17. Earlier this year I bought I second-hand 100mm spotting scope to use as a very quick grab-and-go for astronomy - and, although not perfect, for 50 pounds approx, it has been great fun and gets a lot of use. However the Regal M2 is considerably more expensive, and personally I feel for astronomy you would be better with a similarly priced short-tube refractor. Advantages include better focusing, eyepiece interchangeability (including 2" EPs), filters, option of right angle diagonal, better finderscope possibilities etc. Perhaps something like this: https://www.altairastro.com/Starwave-80ED-R-V2-FPL53-Refractor-Telescope.html with a focal length of 550mm, but shorter, more compact fracs are also available if space/weight is an issue. There are adapters to allow you to mount a dovetail on a photographic tripod, for example: http://www.tringastro.co.uk/starwave-mini-vixen-format-clamp-to-fit-camera-tripod-9648-p.asp I reckon this would be just as fast as mounting a spotting scope.
  18. Thanks, Steve - it looks very close indeed! I'm sure you're spot on. And, Peter, before you smash open the piggy-bank, the currency is Chilean pesos - which at the moment, with the horrid exchange rate, is a wacking 43,050 pounds! For reference, two similar Unitrons (with wooden tripods) sold a few years ago in the US and in Australia for about 3,700 pounds each according to today's exchange. So either Carlos Muñoz has a seriously wealthy cult following, or the seller has no idea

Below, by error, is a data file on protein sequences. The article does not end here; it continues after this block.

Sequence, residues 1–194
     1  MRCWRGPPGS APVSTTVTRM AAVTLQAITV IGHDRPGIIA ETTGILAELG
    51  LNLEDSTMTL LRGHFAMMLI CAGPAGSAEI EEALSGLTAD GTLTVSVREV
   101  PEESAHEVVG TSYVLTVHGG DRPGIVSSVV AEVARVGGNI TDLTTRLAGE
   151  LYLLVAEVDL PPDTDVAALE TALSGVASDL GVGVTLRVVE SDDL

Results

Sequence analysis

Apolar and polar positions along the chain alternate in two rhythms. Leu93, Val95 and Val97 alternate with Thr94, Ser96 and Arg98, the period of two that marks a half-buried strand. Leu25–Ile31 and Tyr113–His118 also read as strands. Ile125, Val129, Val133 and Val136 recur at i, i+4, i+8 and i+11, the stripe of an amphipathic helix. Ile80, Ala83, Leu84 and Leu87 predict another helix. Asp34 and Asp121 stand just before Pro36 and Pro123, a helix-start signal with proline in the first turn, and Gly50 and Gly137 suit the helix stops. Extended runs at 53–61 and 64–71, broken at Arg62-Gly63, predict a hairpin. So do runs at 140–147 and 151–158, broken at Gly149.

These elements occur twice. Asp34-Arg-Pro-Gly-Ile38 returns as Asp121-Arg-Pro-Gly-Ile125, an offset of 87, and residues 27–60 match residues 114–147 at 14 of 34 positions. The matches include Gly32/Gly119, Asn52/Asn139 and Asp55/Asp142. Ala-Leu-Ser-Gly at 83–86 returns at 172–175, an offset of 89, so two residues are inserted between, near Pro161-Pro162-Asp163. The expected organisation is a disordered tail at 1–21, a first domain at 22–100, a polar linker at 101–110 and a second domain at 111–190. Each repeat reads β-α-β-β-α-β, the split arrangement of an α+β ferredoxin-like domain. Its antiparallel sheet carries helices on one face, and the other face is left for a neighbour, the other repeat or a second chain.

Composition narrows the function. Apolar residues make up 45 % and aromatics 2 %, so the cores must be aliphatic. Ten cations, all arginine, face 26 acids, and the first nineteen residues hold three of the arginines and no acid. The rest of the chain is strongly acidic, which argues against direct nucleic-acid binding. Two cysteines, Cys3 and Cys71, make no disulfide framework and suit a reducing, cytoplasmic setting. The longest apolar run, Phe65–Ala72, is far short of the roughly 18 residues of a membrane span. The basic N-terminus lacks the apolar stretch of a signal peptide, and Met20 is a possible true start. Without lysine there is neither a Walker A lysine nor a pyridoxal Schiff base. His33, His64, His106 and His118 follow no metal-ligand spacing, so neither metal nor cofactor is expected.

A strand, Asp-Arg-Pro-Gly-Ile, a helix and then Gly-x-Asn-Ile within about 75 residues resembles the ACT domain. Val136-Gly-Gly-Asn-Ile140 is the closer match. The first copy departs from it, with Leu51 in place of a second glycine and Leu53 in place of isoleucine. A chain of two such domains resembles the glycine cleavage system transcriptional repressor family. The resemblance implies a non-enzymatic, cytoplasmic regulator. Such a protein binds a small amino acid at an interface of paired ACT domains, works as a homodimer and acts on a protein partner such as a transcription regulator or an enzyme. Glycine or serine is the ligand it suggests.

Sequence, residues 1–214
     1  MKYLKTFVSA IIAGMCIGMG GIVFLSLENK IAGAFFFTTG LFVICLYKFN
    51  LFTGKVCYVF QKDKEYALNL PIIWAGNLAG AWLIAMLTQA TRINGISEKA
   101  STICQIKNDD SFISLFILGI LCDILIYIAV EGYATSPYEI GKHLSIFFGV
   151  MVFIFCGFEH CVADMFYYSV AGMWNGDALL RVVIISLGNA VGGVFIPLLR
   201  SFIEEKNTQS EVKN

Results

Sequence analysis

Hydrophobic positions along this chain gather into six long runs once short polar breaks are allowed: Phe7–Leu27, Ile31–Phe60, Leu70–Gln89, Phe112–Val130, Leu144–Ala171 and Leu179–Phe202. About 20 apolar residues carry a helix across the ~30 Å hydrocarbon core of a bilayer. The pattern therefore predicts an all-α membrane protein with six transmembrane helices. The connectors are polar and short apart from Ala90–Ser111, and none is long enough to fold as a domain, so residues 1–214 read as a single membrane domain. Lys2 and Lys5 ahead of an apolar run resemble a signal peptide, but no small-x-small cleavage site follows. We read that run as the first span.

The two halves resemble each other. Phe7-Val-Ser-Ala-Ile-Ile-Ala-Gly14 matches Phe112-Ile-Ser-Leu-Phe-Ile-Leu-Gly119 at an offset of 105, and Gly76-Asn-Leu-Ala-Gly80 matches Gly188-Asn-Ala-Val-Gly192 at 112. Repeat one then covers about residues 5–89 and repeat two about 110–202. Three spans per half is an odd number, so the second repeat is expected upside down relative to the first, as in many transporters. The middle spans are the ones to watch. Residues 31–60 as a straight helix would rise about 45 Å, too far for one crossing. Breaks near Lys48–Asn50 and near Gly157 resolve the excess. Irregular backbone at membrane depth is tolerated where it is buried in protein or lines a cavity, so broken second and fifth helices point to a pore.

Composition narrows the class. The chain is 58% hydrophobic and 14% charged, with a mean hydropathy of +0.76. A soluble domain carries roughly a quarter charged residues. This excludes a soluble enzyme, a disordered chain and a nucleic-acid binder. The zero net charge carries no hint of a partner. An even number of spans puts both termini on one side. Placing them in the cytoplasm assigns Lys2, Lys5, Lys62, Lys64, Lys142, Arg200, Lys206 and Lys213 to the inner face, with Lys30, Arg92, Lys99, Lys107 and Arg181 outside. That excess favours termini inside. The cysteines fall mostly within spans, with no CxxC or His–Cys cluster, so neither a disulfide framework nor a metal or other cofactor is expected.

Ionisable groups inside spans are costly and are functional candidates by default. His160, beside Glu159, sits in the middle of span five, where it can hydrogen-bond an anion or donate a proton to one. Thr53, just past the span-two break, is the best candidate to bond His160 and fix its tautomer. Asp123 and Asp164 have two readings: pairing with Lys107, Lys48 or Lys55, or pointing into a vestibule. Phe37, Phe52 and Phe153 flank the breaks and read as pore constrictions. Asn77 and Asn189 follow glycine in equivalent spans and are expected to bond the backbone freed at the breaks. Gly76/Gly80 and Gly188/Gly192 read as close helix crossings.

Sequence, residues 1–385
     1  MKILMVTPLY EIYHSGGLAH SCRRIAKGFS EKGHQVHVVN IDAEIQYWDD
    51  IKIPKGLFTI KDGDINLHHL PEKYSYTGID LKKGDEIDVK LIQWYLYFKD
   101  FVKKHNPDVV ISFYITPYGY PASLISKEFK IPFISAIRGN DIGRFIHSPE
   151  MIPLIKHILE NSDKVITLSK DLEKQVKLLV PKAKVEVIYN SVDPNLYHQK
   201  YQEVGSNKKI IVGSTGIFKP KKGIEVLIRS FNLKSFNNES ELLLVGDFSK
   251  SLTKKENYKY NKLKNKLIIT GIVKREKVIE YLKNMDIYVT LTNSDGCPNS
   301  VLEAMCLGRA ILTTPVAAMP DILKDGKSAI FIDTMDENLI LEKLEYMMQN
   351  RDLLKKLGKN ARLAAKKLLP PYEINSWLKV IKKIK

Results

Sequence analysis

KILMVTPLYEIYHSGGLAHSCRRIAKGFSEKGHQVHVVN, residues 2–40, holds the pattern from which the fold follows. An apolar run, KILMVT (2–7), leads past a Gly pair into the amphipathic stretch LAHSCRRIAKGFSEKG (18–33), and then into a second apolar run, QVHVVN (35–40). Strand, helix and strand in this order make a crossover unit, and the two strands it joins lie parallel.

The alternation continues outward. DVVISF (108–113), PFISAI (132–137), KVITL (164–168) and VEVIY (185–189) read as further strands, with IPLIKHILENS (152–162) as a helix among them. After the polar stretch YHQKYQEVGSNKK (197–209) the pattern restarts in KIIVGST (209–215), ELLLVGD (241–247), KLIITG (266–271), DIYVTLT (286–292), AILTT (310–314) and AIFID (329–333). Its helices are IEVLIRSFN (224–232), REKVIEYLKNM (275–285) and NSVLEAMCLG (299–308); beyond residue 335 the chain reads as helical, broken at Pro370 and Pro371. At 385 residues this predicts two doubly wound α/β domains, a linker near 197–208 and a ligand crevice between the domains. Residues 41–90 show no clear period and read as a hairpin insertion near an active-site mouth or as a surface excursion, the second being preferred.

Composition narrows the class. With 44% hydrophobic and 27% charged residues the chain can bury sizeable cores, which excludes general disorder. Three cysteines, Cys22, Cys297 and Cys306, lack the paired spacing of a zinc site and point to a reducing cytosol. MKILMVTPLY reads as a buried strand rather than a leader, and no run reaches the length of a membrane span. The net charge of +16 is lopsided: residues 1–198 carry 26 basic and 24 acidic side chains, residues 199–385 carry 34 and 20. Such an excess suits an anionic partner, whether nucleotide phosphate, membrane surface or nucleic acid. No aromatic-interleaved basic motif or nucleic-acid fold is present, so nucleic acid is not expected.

19. Currently up for sale in Chile is this telescope: The fact that it is wrapped in plastic doesn't exactly help to identify it! It comes with a load of Cave Optical Co. brochures, so could it just be one of the few Cave refractors which were apparently produced? Or perhaps a Unitron? Any thoughts very welcome.... The telescope belonged to Carlos Muñoz Ferrada, 1909-2001, a Chilean astronomer who had certain success predicting earthquakes and claimed a giant comet/planet Hercolubus would destroy the Earth in 1999 - a perennial theme in Latin American pseudo-science! It's rumoured the police wouldn't let him out of his house as he tended to panic the population. The asking price, if you need to ask it's not for you , a little over 35,000 pounds. I certainly won't be buying it any time soon, and doubt anyone else will either - but it very definitely piqued my curiosity. http://www.yapo.cl/region_metropolitana/hobbies_outdoor/telescopio_de_carlos_munoz_ferrada_35380990.htm?ca=15_s&oa=35380990&xsp=45